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In fact, Nelson, who came from a sketch comedy background, had never written anything longer than five minutes before he started working on the film’s script more than 10 years ago.
“That was the first challenge, was to try and come up with a story that would last an hour and 45 minutes,” Nelson told The Hollywood Reporter after a screening of Nebraska in New York. “I didn’t really know what I was doing. I hadn’t really learned movie structure yet. So I tried writing and got to page 20 and had to stop for a year, and I had to teach myself how to write a screenplay, and it took me a few months to really bead out a story and characters and plot and write it up.”
Despite his background, Nelson said he wanted to try drama. When he was working on a TV show with his friend Bill Nye “The Science Guy,” one of the producers found out he’d written a script and asked if she could show it to another producer, Ron Yerxa, whom she knew through charity work, Nelson explained.
Even though this was Nelson’s first screenplay, Yerxa and his producing partner Albert Berger were impressed with the tone and approach.
“It has such a unique dry tone, but underneath the humor and the dry wit and very spare, minimalist dialogue was this kind of big, emotional thing … that’s a nice combination for us,” Yerxa told THR.
Berger and Yerxa showed the script to Alexander Payne, whom they’d worked with on Election, in hopes that he might know of an up-and-coming director who’d want to helm the project, Nelson explained. But Payne said he wanted to direct it, saying “but it’s going to be a while,” Nelson recalled. It took more than 10 years for the film to get made, but Payne’s commitment to the project gave Nelson and Yerxa hope that the film would see the light of day.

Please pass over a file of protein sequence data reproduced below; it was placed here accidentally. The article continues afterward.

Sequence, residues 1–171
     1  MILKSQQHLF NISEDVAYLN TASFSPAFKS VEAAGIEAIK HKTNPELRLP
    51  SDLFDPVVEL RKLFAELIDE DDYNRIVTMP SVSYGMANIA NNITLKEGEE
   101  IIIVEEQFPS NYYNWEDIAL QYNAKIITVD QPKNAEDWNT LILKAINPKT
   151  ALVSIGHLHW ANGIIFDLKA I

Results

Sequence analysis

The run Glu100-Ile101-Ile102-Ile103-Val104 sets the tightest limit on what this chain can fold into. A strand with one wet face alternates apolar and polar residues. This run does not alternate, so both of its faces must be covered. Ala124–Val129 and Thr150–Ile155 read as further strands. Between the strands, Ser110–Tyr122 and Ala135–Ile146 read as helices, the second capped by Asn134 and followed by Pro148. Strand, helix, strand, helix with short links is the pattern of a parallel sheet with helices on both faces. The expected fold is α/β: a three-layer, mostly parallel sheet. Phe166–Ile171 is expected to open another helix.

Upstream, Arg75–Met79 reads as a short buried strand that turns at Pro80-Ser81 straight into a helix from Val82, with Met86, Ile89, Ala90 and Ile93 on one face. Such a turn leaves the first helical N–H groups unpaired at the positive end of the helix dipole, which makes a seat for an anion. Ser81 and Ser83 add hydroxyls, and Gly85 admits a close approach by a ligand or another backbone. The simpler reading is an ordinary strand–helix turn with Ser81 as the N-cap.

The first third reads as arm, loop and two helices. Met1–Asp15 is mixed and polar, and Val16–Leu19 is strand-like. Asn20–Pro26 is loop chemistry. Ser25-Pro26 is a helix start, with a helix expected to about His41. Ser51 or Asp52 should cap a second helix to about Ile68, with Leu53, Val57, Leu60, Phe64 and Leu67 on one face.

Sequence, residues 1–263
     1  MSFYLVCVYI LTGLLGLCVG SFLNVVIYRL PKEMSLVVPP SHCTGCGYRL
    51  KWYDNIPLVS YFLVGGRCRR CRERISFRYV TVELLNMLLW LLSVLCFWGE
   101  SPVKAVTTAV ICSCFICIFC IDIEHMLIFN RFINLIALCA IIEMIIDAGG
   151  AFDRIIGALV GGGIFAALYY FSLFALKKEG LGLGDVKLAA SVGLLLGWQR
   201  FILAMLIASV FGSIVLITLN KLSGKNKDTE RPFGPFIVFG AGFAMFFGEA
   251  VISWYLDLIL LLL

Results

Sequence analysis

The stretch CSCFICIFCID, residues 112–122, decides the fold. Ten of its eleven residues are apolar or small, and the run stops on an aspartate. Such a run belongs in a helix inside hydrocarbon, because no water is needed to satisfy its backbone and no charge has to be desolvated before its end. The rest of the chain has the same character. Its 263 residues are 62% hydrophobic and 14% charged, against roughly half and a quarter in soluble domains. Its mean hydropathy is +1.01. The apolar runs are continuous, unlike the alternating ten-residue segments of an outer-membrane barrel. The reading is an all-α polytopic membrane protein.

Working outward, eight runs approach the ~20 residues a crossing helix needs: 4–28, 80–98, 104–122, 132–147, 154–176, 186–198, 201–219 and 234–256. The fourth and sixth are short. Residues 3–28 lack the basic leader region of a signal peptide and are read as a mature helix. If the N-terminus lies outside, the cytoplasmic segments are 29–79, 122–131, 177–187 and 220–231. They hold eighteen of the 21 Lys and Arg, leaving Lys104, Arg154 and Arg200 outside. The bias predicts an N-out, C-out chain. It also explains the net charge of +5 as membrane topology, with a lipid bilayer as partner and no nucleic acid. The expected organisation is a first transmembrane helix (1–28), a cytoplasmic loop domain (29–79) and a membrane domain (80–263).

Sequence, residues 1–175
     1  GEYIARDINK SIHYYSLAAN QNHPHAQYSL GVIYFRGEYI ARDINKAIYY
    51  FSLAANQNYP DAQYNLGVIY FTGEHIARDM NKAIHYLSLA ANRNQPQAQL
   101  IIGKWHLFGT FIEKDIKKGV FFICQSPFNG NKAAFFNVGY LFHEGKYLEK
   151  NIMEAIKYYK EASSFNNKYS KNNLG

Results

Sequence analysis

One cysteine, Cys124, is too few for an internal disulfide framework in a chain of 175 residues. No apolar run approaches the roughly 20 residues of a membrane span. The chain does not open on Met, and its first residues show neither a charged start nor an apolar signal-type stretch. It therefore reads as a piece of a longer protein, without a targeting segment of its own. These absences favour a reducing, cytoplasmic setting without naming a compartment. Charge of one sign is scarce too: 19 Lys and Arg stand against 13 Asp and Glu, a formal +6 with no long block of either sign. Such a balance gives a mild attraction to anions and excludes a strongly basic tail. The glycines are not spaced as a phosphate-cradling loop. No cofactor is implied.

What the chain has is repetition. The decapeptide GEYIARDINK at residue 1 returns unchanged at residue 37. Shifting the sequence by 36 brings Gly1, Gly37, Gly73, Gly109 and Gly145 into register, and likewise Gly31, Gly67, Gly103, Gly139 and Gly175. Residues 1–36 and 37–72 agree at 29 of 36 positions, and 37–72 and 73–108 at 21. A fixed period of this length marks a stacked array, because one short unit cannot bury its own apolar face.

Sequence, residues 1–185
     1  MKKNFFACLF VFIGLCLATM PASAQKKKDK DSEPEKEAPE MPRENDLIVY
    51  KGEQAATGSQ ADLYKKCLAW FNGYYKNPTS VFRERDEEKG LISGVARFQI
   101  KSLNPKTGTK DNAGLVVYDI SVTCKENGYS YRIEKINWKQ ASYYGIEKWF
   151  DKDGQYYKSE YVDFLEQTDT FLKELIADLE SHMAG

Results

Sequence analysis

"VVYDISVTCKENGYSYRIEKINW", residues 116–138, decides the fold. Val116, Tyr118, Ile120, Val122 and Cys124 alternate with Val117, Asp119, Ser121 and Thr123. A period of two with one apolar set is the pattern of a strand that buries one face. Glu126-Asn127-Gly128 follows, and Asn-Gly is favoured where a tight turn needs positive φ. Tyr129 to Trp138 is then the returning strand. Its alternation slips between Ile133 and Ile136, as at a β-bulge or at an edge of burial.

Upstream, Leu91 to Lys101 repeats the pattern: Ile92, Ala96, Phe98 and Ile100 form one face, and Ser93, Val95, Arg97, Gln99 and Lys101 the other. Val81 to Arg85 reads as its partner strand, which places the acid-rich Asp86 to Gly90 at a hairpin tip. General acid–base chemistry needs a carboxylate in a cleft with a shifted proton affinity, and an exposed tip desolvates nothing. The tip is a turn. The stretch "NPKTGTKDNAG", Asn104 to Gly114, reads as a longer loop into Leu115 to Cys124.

Now that the film is on the verge of being released in theaters (Paramount is opening it in four theaters on Nov. 15), and is already being talked about as an Oscar contender after playing to great acclaim at various film festivals including Cannes, Nelson marvels at the journey he’s been on.
“When I first started writing this, I was basically unemployed and in my 40s … so to go from that moment, when I first sat down and wrote the scene out, to this, where next week I’m going to the Chinese theater and I’m going to bring my mother down to watch the film for the first time … so all that is just beyond what you can imagine,” Nelson said.
The film also marked a new experience for SNL alum Will Forte in that it wasn’t the sort of broad comedy he’d previously been doing. Still that didn’t affect his desire to do the film.
“I would be a crazy person not to be interested. It was such a beautiful script. I felt a connection to the character. I loved it and immediately wanted to be a part of it. The only question was whether they’d let me be a part of it,” Forte said.
But he was intimidated by working with Dern and Payne, whose work he admired.
“It was very nerve-racking, that period between getting the role and actually starting production,” he said. “And once I got there, to Nebraska, Alexander and Bruce were so wonderful to me, just made me feel like I was part of the team. By the time we actually started day one, I was very comfortable being with everyone and able to get out of my head.”
While he was working with Dern, Forte said he gave him a myriad of advice, including “just find the truth and be truthful in the scene. Just be in the moment.”
“To get that kind of advice from a person like Bruce meant a lot and he was just wonderful to me throughout the whole process, just very patient and nurturing, just a wonderful guide — as was Alexander,” Forte said. “It just turned from a really frightening experience to an experience I’ll never forget.”
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